# A Little Review of Domain Adaptation in 2017

This post was first published as a quora answer to the question What are the most significant machine learning advances in 2017?

2017 has been an amazing year for domain adaptation: awesome image-to-image and language-to-language translations have been produced, adversarial methods for DA have made huge progress and very innovative algorithms have been proposed to tackle the giant problem of adapting two domains.

By domain adaptation, I mean any algorithm trying to transfer two domains, usually called source and target (for instance paintings and real photos), into a common domain. To do so, one can chose either to translate one domain into the other (e.g. translate paintings to photos) or to find a common embedding between the two domains. When only the source domain has labels and the goal is to predict the labels of the target domain, it’s called unsupervised domain adaptation and that’s where the advances were the most incredible. There are many benchmarks to evaluate a DA algorithm, one of the most common being to predict the labels of SVHN (a dataset of digits built with house numbers) by using MNIST (the most common handwritten digits dataset) and its labels. In a year, the results have passed from 90% (with Domain Transfer Network (DTN)[1], which was already a great improvement on previous methods that turned around 82%, like DRCN[2]) to 99.2% (with self-ensembling DA[3]). Besides this quantitative analysis, the translations performed by some algorithms released this year are qualitatively amazing, particularly in visual DA and NLP.

Figure 1. Transfer of SVHN to MNIST by SBADA-GAN[4], May 2017. For testing a DA algorithm, one can try to predict the labels of SVHN by only using the labels of MNIST and the unsupervised translation between SVHN and MNIST.

Let’s try to summarize how awesome this year has been for domain adaptation.

If 2015 saw the birth of adversarial domain adaptation (with DANN[5]) and 2016 the birth of GAN-based domain adaptation (with CoGAN[6] and DTN[2:1] ), 2017 has seen huge improvements and amazing results with these methods. The idea behind adversarial DA is to train two neural networks: a discriminator that tries to separate the target domain from the transformed source domain, and a generator that tries to fool the discriminator to make the source domain look like the target one as much as possible. It’s basically a GAN but taking the source distribution as input instead of a uniform distribution (it is usually called a conditional GAN). I’ve realized a little animation to explain the concept more visually (you can find the code here):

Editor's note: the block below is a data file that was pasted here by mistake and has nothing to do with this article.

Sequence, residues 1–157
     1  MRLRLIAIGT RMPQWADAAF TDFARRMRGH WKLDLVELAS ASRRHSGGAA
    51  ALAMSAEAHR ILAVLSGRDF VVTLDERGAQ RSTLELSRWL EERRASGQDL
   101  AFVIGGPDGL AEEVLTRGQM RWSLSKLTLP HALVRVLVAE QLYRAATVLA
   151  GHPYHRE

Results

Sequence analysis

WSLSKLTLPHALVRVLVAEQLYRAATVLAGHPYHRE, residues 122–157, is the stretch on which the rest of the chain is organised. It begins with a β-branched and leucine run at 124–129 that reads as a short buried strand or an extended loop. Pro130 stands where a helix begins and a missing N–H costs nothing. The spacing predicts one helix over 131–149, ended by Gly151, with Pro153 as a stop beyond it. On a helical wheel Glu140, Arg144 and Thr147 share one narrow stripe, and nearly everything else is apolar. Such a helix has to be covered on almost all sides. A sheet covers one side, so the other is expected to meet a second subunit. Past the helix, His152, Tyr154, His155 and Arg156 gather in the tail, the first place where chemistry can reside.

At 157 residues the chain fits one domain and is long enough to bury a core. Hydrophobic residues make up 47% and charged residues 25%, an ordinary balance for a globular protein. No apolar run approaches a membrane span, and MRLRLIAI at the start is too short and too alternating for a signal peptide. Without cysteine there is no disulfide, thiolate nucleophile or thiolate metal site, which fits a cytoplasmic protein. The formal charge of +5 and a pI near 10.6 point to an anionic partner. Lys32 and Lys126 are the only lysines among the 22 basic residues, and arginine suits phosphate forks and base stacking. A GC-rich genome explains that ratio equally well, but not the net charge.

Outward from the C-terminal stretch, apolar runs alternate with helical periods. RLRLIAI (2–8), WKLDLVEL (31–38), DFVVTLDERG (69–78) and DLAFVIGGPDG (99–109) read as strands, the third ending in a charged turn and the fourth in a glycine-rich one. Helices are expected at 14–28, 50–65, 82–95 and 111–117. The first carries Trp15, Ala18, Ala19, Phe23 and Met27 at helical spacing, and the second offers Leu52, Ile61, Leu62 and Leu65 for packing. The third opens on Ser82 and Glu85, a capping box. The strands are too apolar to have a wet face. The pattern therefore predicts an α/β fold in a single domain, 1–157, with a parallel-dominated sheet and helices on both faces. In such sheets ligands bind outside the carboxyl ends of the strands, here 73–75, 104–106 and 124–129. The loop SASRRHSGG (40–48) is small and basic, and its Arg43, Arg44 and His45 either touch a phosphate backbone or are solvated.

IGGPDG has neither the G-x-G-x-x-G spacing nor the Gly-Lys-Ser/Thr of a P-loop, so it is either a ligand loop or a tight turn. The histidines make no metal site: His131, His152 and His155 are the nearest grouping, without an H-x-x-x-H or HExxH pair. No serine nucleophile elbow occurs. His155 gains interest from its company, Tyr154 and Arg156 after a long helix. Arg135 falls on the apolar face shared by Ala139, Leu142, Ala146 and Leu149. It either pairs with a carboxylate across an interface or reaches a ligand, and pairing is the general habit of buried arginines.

Figure 2. GAN-based adversarial domain adaptation for two Gaussian domains. The discriminator (background) tries to separate the green distribution from the orange distribution, and the generator modifies the green distribution to fool the discriminator. You can find the code here.

So, what were the “significant advances” in 2017?

First, in February, ADDA[7] released a generalized theoretical framework for adversarial domain adaptation and achieved a 76.0% score with a simple GAN loss on SVHN → MNIST (which they thought to be the best score for an adversarial network on this task, but they had probably not heard of DTN at the time they submitted their article).

## CycleGAN

A month later, the most important contribution of adversarial DA occurred: the invention of the cycle-consistency loss by CycleGAN[8]. This paper was a real revolution. Their idea was to train two conditional GANs, one transferring source to target, and the other target to source, and to consider a new loss, called cycle-consistency, which ensures that if you connect the two networks together it will produce an identity mapping (source → target → source). Their examples of transferring horses to zebra or painting to photos have become really famous and I consider it to be one of the coolest thing of this year! Contrary to other methods like pix2pix[9], they didn’t train their algorithm on pairs of images (like a photo of cat and the sketch of this same cat, for pix2pix), but only on the two distributions separated, which makes their results even more impressive.

Figure 3. Examples of image-to-image translations with CycleGAN

## DiscoGAN

What’s fun is that a bunch of other papers discovered the cycle-consistency loss simultaneously, between March and May, sometimes giving it another name (like reconstruction loss). It’s for instance the case of DiscoGAN[10], whose loss was a bit different (cross-entropy for the GAN loss instead of MSE for instance) but they also achieved incredible results, by managing to transfer both texture properties (like transforming blonde-haired to brown-haired people, women to men or people with glasses to people without glasses) and geometrical properties (chairs to cars and faces to cars).